The new incarnations of Trumpism are far more than “debris” to be removed.  DeSantis, and fellow-Trumpists in other States are rapidly signing into law their Soviet-style approach to public policy.  Ironically, while they cull the public domain of books to which they object, and seek to write their own sectarian religion into public school curriculums, they are informed about authoritarianism, wittingly or not, primarily by books.  

Their patron saint Trump, famously does not read books, which is evident in his clumsy and failed attempts to achieve the autocratic strongman role he craves.  Putin, for whom Trump is the quintessential ‘idiot’ in “useful idiot,” rules Russia with an iron fist, without any meddling by the Courts or legislature, which means he has achieved Trump’s dream. That’s why our former president and current contender for the office admires a Russian psychopath, who just recently joined Khieu Samphan, leader of the Khmer Rouge, as an indicted defendant for the crime of genocide. 

Most of the candidates, as well as the voting public, either weren’t alive, or weren’t adults when fascism and other authoritarian brands made their last serious play for world dominance.  Because of that (and again, ironically) history, and more broadly writers-of-books, provide authoritarians a roadmap to their destination.  “The rest,” if one can read, which Trump’s disciples most certainly can, “is easy.”   

Florida is not the United States…

The Republicans’ newest “Great White Hope”* is DeSantis, though a small part of their base remains loyal to a fading Trump.  DeSantis is an especially pernicious manifestation of Right-wing populism, far more so than the orange abomination we voted-out.  His breed of populists espouses a belief in the virtue and competence of a nebulous coalition called “the people.”  Their nostalgic-myth is dangerous precisely because our system is founded first and foremost on the inherent rights of individuals, and not upon whatever raw-majorities think is right at any particular moment.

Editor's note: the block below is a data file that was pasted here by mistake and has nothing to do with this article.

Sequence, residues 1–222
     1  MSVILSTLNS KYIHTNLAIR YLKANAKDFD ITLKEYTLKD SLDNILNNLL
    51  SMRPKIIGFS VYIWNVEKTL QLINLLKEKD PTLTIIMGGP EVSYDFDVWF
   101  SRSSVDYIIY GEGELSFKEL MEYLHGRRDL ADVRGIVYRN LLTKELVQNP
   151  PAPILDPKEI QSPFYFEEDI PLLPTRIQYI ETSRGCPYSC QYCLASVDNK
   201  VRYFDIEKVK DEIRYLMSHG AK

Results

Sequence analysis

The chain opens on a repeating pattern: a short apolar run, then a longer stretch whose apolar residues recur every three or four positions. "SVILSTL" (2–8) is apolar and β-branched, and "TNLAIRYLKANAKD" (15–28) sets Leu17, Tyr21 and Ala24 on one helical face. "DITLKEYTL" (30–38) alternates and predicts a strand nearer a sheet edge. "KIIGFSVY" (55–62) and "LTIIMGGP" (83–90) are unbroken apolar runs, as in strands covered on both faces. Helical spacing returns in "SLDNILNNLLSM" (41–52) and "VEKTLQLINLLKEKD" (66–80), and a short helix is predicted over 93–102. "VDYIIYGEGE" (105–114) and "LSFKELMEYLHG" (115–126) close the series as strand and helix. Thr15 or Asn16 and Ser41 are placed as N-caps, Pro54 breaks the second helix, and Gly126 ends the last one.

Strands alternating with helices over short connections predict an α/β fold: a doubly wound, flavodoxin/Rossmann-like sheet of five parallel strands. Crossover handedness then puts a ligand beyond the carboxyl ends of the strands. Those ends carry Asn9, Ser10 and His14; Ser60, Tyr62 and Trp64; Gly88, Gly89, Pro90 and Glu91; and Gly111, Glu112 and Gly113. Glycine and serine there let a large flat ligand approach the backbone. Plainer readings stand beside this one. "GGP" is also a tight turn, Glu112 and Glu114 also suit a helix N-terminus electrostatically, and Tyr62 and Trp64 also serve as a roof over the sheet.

DeSantis re-tells the “power to the people” myth, or lie, over and over while systematically injecting himself, and imposing his will, deeper and deeper into the personal and civil lives of more and more Floridians’ every day.  His pandering to insular, low-information, factional voters highlights the now familiar malignant-narcissism on the Right—“I was born to lead, and I’ll do anything to fulfill my destiny.”  The “Divine Right of Kings”?

DeSantis, unlike most of his acolytes, was educated in the best tradition of modern liberal pedagogy—He graduated from Yale in 2001 with a B.A. magna cum laude. We may assume he read a lot of books in order to succeed at Yale, and so we may also assume he knows what he’s doing:  A wealthy graduate of Yale, and his compatriots on the far-right espouse a populism that consists mostly of whining about being “looked down upon” and insisting the “liars and betrayers” must pay.

The massive Fox lying scandal revealed a loathing for their audience and a nearly traitorous disregard for the health of our Republic.  Right-wing media and the Republican Party (it serves) have patronized their audience, declaring day after day that no one else is to be trusted, all while yelling about corrupt institutions and rigged-elections (just not the ones they win).